Exploring the Importance of Property Tax Compliance
Unfair as the property tax—sometimes also called the ad valorem tax—may seem to many, its importance to state and local government administration far outweighs the complaints against it.
Arguments about property taxes being retrogressive and unfit for the contemporary world’s realities continue to permeate the social space, as this form of tax has been discovered to date back to 6000BC.
There are also concerns that it is a means of making people pay for the privilege of owning a home.
When homeowners sometimes rent these houses to less wealthy folks who have to also bear these tax costs in the form of excessive monthly rent payments, the arguments against property taxes become more plausible.
It becomes evident that this tax may well work against the principle of equity that it aims to promote.
However, the high maintenance cost of public schools, fire stations, police stations, and other public offices and amenities necessitate the continuity of property tax collection.
Over 30 percent of state and local government revenue is, according to census data, generated from property tax, which is the tax levied on landowners, homeowners, and in some states, owners of tangible properties like cars, boats, and other recreational vehicles.
While the payment of all forms of taxes may always meet with some reluctance on the part of the taxpayers, it is essential to remember that systems and amenities put in place, of which one takes full advantage without any second thoughts, are made possible.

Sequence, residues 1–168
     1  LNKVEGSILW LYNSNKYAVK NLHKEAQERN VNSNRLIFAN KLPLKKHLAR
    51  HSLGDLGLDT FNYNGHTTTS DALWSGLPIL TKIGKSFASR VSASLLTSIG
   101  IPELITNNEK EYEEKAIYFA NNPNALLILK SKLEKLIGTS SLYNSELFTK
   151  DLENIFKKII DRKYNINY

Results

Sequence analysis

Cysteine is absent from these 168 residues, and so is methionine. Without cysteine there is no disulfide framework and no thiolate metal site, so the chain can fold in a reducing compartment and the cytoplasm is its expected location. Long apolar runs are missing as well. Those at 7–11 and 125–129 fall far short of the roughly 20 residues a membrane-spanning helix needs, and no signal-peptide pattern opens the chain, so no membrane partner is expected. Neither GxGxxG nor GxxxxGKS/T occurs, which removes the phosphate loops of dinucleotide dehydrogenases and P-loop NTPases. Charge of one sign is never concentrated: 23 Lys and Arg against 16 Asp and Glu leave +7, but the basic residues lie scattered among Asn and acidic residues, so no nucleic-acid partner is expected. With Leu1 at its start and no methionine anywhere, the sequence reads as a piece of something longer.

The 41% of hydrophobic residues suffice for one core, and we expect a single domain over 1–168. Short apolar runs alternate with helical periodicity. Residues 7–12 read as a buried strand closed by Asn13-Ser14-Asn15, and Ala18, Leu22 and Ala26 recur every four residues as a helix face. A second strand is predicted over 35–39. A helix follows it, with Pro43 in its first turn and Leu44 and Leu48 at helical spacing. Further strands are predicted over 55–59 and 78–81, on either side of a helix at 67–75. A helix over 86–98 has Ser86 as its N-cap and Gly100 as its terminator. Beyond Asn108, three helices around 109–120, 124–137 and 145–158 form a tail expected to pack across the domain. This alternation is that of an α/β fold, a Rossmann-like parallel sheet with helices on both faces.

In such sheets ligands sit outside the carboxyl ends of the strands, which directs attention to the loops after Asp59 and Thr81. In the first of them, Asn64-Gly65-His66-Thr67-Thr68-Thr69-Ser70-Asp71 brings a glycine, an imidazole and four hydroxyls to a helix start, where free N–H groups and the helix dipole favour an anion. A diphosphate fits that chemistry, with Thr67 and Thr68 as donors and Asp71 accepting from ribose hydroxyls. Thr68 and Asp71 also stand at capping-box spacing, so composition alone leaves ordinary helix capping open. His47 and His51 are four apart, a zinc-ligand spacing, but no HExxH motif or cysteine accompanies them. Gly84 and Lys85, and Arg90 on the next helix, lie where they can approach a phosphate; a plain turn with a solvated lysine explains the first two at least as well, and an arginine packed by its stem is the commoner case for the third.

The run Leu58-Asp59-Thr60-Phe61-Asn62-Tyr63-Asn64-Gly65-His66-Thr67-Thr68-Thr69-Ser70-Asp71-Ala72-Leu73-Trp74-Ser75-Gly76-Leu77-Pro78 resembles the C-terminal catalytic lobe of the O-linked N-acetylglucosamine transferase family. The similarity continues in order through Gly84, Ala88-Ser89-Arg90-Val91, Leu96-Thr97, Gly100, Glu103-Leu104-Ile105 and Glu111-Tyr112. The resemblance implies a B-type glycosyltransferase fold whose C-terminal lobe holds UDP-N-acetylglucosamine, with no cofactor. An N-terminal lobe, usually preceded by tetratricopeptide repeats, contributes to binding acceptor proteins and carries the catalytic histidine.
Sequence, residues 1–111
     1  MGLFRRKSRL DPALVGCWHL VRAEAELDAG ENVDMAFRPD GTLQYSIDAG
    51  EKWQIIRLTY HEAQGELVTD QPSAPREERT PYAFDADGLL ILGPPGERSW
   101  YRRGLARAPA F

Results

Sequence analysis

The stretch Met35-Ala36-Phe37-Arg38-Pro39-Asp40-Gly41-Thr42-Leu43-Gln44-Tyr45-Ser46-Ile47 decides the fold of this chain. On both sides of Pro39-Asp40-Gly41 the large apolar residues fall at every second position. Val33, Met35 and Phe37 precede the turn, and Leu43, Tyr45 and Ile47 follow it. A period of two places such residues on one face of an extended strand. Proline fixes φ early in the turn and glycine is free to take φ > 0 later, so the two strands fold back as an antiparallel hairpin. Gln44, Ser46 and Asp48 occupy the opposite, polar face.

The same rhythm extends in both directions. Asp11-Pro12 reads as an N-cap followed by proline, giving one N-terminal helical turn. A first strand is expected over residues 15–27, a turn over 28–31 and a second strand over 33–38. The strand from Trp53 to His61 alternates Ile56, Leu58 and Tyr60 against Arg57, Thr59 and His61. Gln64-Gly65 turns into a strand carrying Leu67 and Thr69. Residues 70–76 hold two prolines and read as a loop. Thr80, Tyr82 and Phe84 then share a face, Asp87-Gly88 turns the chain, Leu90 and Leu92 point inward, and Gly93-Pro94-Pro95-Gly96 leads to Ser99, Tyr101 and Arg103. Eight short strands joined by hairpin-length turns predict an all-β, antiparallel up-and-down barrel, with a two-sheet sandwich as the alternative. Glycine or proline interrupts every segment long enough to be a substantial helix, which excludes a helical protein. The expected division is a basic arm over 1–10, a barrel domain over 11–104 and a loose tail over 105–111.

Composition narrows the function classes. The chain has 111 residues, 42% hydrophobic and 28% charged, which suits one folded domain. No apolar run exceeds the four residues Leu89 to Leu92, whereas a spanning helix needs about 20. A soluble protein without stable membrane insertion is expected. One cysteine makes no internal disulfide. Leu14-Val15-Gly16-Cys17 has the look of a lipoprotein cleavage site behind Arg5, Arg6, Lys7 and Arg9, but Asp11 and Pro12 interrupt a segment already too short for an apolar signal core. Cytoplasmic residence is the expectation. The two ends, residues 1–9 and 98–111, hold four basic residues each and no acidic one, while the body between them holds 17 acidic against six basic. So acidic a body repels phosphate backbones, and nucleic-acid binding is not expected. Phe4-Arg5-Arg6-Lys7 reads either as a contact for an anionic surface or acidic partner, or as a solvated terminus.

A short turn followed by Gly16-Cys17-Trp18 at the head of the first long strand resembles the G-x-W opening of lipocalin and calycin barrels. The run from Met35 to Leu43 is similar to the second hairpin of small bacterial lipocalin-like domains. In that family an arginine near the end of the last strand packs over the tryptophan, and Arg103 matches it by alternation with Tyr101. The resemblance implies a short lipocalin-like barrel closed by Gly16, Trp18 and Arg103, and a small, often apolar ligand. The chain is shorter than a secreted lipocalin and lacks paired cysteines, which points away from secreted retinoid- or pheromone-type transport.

What determines the property tax rate?
This is after the government must have exhausted all other forms of tax revenues. And although tax figures levied may seem arbitrary, the actual determinant of tax rates is the number of public projects undertaken and maintained by the government.
For instance, a new public health center and public school under construction by a local government will be funded by mainly internally generated revenue.
A second and equally important determining factor of the amount paid in taxes for properties is the said property’s market value.
This value is usually assessed by an appraiser who draws their evaluation from a combination of parameters, including the size of the property, the quality of materials used to construct the property, the year it was created, as well as the current price that similar properties are being sold for within the community.
Unsurprisingly, the tax rates on property owners in specific neighborhoods are directly proportional to the existence and quality of amenities present in those neighborhoods.
This explains the wide gaps in mortgage and rent costs between properties in cities, towns, and villages, with the differences often going as high as one thousand to two thousand dollars per annum.
Are there any risks associated with non-compliance with property tax regulations?
Non-compliance to tax regulations incurs a lien by the government, which means that the government takes part or complete ownership of the property, depending on the amount of tax owed.
Embarrassing situations like this can be avoided by making monthly savings towards the next tax payment in an escrow account.